WALKING TOUR 2 p.m. Lasdon Park Route 35 Enjoy a leisurely walk through the perennial gardens with Lasdon’s horticulturist. Learn about the wonderful perennials that will bring beautiful color to your fall garden. For more information, call 914-864-7268 .

Friday, Sept. 9 Valhalla

PHOTOGRAPHY OPEN HOUSE 8 p.m. Westchester Community College Tech Bldg., East Gate Westchester Photographic Society Open House. Welcome to New Members and interested photographers at all levels. Presentation by Warren Rosenberg, “Shooting Sports.” Refreshments and a fun evening of photography. Free. For more information, visit or call 914-271-5542.

Saturday, Sept. 10 Mt. Vernon

HISTORY LECTURE 1 p.m. St. Paul’s Church 897 S. Columbus Avenue Archaeologist Dr. Eugene Boesch uncovers the physical and human history of the area, and considers where the bold Puritan rebel Anne Hutchinson lived in the 1640s, helping to explore the site’s feature exhibition, “A Clash of Cultures: Anne Hutchinson’s Brief life near St. Paul’s Church.” The talk is presented through the New York Council for the Humanities speakers program. There’s also a 3 PM tour of the historic church and Bell Tower, as well as the cemetery, one of the nation’s oldest burial yards. For more information, call David Osborn at 914-667-4116

Sunday, Sept. 11 Garrison

A 9/11 OBSERVANCE 3 p.m. Garrison Institute Route 9D The Garrison Institute marks the ten-year anniversary of the tragic events of September 11, 2001 with a showing of the documentary Rebirth and a discussion with the author of the companion book. The film follows the lives of nine people coping with 9/11 over the past decade, and is both a remembrance of the lives lost and a tribute to the resilience of the human spirit. A light reception will follow the film, including a book-signing by Dr. Robin Stern, co-author of the book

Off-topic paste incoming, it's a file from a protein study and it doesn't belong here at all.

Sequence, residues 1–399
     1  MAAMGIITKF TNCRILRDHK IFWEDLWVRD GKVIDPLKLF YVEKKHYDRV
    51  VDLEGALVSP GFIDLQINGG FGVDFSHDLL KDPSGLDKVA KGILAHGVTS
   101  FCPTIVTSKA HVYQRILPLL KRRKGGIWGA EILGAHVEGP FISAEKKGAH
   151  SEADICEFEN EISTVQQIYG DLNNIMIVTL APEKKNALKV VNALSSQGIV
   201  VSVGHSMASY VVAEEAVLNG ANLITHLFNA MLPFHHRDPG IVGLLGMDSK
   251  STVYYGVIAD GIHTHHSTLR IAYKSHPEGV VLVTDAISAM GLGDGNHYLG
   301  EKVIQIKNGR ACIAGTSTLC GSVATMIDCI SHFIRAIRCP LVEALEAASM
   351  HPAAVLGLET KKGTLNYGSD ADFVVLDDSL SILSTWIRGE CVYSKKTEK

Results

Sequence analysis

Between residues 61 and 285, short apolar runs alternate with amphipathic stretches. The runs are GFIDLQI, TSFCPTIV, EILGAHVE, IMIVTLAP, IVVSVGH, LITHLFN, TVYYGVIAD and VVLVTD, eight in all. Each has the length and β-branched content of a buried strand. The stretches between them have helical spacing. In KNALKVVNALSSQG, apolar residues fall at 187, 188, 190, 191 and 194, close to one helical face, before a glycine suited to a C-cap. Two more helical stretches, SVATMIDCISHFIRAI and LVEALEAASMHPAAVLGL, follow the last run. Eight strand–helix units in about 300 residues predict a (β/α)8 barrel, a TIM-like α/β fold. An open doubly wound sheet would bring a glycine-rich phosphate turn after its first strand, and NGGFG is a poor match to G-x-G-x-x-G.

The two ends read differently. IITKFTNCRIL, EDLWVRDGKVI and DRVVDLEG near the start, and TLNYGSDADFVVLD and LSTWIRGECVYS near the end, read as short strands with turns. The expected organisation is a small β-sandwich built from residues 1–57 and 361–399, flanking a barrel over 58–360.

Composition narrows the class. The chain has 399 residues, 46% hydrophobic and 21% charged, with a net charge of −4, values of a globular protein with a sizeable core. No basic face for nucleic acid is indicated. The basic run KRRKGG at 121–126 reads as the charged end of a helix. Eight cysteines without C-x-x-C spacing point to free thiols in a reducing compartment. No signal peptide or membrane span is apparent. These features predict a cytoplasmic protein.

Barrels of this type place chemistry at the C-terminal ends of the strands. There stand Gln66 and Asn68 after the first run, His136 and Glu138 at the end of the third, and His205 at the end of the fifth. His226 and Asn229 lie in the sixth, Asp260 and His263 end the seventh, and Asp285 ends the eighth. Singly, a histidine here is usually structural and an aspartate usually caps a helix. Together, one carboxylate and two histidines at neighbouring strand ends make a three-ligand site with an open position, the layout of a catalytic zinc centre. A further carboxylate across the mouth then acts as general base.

Project Rebirth: Survival and the Strength of the Human Spirit from 9/11 Survivors. Learn more at www.garrisoninstitute. org/rebirth or

Friday, Sept. 16 Valhalla

PHOTOGRAPHY COMPETITION 8 p.m. Westchester Community College Tech Bldg., East Gate Westchester Photographic Society presents Members’ Competition. The public is invited for an exciting and inspiring evening of photography. Free. For more information, visit or call 914-271-5542.

Saturday, Sept. 17 White Plains